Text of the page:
9 August: International Day of the World’s Indigenous Peoples

International Day of the World’s Indigenous Peoples is globally observed every 9 August with aim to promote and protect rights of indigenous population. Observance of this day seeks to recognize the contributions and achievements of indigenous people to improve world issues such as environmental protection.

2019 Theme: ‘Indigenous Languages’. It is dedicated to languages of indigenous peoples’ in view of 2019 being marked as International Year of Indigenous Languages by United Nations (UN). It seeks to draw attention to critical loss of indigenous languages and urgent need to preserve, promote and revitalize them at both national and international levels.

Why it is important of preserve Indigenous Languages?

The large majority of languages spoken by indigenous peoples are in danger. It is estimated that, every 2 weeks, one indigenous language disappears, placing at risk respective indigenous cultures and knowledge systems.  In response to threats to various indigenous languages, UN General Assembly (UNGA) had adopted Resolution (A/RES/71/178) on ‘Rights of Indigenous Peoples’, proclaiming 2019 as International Year of Indigenous Languages.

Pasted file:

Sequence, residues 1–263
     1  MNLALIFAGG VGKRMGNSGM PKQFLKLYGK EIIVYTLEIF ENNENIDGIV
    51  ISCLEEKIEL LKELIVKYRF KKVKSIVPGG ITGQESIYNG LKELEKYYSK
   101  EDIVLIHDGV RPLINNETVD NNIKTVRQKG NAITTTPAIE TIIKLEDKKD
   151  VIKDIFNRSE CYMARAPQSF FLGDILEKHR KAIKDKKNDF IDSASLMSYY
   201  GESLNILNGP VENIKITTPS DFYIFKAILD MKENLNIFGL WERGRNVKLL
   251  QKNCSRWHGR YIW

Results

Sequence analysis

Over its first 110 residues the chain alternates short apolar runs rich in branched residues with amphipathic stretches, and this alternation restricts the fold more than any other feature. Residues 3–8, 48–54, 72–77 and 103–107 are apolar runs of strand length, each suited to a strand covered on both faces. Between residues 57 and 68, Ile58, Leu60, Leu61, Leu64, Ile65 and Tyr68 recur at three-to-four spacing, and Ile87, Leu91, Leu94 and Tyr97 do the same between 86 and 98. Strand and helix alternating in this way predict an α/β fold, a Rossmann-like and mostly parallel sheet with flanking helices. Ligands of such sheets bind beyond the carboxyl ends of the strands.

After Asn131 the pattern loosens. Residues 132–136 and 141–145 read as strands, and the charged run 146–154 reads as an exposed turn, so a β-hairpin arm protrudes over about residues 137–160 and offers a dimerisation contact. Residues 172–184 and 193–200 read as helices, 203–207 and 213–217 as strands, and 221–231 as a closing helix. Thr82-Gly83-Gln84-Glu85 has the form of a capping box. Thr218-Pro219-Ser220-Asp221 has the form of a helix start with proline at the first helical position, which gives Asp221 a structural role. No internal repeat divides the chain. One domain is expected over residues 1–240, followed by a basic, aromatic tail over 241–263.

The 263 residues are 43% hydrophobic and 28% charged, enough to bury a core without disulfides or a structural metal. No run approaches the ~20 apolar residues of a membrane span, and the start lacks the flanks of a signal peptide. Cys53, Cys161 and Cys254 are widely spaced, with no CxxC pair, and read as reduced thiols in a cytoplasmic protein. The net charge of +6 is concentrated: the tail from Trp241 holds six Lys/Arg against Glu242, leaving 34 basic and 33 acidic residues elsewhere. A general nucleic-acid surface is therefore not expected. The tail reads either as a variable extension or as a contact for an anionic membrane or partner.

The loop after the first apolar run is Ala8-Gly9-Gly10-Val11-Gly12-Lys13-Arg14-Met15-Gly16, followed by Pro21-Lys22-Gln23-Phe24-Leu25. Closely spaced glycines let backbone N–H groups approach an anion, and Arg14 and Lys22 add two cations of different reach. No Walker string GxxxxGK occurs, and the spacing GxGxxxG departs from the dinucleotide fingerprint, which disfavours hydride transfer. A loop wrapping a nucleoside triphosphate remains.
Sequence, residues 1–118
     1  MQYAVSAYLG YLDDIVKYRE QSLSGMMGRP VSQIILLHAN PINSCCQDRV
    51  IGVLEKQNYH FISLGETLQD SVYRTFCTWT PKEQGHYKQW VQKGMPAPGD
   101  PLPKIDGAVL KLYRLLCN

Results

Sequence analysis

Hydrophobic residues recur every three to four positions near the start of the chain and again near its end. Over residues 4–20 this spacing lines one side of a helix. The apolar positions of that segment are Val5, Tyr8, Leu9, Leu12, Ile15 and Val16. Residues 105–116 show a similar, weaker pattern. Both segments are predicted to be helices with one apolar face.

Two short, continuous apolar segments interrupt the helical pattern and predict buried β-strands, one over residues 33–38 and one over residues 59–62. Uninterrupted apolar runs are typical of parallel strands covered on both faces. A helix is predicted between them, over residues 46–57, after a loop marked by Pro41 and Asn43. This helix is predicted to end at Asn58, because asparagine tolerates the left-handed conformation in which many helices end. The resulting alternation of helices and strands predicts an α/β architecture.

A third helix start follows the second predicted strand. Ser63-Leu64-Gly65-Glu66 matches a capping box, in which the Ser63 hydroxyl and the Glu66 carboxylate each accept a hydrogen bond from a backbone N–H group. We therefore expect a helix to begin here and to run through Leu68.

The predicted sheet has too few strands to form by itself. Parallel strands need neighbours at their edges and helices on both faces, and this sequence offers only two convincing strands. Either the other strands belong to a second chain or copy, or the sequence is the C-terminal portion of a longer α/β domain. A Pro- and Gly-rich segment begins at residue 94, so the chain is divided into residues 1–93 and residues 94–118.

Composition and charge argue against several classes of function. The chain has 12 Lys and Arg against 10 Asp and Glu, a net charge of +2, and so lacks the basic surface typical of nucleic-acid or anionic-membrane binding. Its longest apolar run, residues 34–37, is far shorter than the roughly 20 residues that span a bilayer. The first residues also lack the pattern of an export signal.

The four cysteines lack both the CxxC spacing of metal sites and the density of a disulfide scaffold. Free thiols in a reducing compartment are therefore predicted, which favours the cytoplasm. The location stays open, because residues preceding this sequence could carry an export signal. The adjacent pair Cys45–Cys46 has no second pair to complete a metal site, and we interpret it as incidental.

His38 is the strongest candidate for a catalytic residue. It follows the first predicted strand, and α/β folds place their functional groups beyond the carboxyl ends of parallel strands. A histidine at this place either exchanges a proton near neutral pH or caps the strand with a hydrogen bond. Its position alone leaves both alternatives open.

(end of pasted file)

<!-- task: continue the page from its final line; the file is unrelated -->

International Day of the World’s Indigenous Peoples was pronounced by UNGA by adopting resolution 49/214 in December 1994.

Why August 9? This date marks the day on which 1st meeting of UN Working Group on Indigenous Populations of Sub-Commission on the Promotion and Protection of Human Rights was held in 1982.

Indigenous people: It is estimated that there around 370 million indigenous people in the world, living across 90 countries. They make up less than 5% of the world’s population, but account for 15% of the poorest, making them most disadvantaged and vulnerable groups of people in world.. They speak overwhelming majority of the world’s estimated 7,000 languages and represent 5,000 different cultures. These people are inheritors and practitioners of unique cultures and ways of relating to people and the environment. They have retained their unique social, cultural, economic and political characteristics that are distinct from those of dominant societies in which they live. Indigenous peoples from around the world, despite having cultural differences, are facing common problems related to protection of their rights as distinct peoples and existence.


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